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Rottweiler

Rottweiler

History and origin: The Rottweiler comes from the West German town of Rottweil in Wurttemberg. He was used as a cattle drover and guard dog in Germany.

Description: Rottweilers stand 22 to 27 inches at the shoulder and weigh between 70 and 120 pounds, with the males slightly larger than the females. With a docked tail and powerful thick muscles, the Rottweiler has a big-boned body and a coarse mid-length < href="http://www.HealthyHappyDogs.com/SkinAndCoat">coat that sheds but is relatively easy to maintain, requiring regular brushing to keep the coat in good condition.

About the breed: The Rottweiler is a German working dog of high intelligence. He has been used as a herder and is still used today as a sled dog, police dog, guard dog, and mountain rescue dog. He is a large, heavily muscled dog possessing strength and courage. He is by nature one of the most territorial breeds. Highly suspicious of strangers, the Rottweiler will guard his owner's house and yard with savagery if necessary. He should not be kept in a place where people often walk such as a chain-link fence next to a sidewalk. This will encourage him to fence-fight and become aggressive. Keep this breed inside the house, where it can guard your home more effectively. He is extremely dominant and pushy, and likes to use his big body to control you by leaning and pushing on you. He responds best to kind and firm handling, not being chained or kenneled. Training and socialization needs to begin early on. Handling must start from puppy hood because this breed does not like to be handled, particularly on his feet. Clip his nails at least twice a week, starting when he is a puppy, unless he spends a fair amount of time on concrete in your yard. In this case, nail trimming may not be necessary at all. A confident, well-bred Rottweiler that has received firm early training and has not been spoiled can be a great pet. When acquired from a diligent breeder and trained properly, a Rottweiler can be an admirable, courageous, loyal dog capable of a high level of obedience. The Rottweiler often suffers from hip dysplasia and shoulder problems. Structural problems can be exaggerated by allowing the dog to become overweight. Hip or shoulder pain in a Rottweiler may not be discernible to an owner because this breed can tolerate pain quite effectively, but this pain-masking can result in aggression toward the owner when the dog does not want to be touched in a sensitive area. The Rottweiler puppy is very susceptible to canine parvovirus, a highly contagious viral disease that attacks bone marrow, intestinal, lymph, and heart cells and could die if not given the proper shot.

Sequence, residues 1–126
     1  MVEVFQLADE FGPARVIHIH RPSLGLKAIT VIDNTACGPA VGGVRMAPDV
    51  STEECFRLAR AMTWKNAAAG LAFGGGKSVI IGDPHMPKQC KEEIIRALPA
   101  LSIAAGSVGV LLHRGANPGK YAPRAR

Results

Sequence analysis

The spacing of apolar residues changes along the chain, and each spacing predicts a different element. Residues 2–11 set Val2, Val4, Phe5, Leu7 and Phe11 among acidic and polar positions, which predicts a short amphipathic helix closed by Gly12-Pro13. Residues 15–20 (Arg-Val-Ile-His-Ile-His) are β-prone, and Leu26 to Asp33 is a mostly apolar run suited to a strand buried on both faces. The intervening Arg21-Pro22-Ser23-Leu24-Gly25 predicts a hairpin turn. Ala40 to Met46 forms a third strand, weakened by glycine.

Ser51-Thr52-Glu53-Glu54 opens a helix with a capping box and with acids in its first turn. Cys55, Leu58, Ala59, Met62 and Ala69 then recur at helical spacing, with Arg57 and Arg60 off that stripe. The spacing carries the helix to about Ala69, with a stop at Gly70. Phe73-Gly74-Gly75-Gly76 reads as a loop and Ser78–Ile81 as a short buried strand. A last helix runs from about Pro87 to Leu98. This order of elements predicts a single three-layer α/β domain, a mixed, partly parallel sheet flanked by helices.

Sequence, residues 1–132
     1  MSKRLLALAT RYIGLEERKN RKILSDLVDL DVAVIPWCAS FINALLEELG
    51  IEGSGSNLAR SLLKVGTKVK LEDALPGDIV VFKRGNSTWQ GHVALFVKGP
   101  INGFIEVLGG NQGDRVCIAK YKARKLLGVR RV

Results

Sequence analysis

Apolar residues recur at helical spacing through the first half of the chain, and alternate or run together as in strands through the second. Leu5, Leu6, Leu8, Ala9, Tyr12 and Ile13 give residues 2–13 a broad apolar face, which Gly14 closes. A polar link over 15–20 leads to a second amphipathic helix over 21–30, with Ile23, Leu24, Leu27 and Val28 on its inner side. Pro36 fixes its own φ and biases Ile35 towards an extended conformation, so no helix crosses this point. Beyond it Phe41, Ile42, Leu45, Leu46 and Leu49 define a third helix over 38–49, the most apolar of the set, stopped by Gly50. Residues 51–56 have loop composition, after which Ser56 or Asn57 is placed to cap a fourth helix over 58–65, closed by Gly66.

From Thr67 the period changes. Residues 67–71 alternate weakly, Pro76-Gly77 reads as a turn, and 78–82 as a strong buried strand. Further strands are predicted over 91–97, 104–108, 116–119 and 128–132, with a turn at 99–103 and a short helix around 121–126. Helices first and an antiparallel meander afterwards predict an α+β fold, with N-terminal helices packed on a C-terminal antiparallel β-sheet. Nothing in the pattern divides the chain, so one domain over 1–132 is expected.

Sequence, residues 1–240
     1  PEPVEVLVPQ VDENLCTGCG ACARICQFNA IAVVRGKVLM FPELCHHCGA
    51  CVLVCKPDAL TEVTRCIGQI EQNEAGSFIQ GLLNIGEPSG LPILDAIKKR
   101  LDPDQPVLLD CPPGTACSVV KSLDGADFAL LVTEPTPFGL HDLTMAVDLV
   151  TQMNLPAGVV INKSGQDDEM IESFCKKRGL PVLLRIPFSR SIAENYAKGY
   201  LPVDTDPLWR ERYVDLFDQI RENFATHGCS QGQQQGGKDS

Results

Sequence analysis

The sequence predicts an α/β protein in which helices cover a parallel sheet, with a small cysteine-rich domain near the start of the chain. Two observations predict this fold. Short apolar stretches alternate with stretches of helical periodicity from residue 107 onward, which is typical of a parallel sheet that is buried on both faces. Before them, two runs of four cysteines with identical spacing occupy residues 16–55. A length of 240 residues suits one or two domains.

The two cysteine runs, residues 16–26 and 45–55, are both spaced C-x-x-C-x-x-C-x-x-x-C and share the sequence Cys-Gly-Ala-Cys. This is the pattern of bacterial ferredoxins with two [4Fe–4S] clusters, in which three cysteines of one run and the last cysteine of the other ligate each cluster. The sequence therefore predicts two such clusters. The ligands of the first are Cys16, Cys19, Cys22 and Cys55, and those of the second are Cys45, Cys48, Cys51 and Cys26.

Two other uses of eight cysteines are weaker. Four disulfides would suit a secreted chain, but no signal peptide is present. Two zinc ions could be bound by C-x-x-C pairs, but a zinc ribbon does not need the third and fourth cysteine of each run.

Feeding: Recommended feeding for the Rottweiler is 20 to 33 oz of high-quality meaty product with biscuit added in equal amount or 5 cupfuls of a complete, high-quality dry food.

Ideal home: A house with a fenced yard is best for the Rottweiler, though you should not leave him in the yard all day. The owner of a Rottweiler must be a strong and firm leader who sets rules and sticks to them. Do not consider this breed if you are nurturing, disabled, or elderly, if you have children, or if you do not have enough time to train the dog. Also, do not get more than one at a time, and do not get litter mates. They will bond more closely to each other than to you and create behavioral nightmares. If you live by yourself and want a dog you can feel safe with, a Rottweiler might be for you. You must prove your leadership every day to this breed. If you choose a Rottweiler, spend a lot of time finding a good breeder. Also keep in mind that females tend to be more aggressive.




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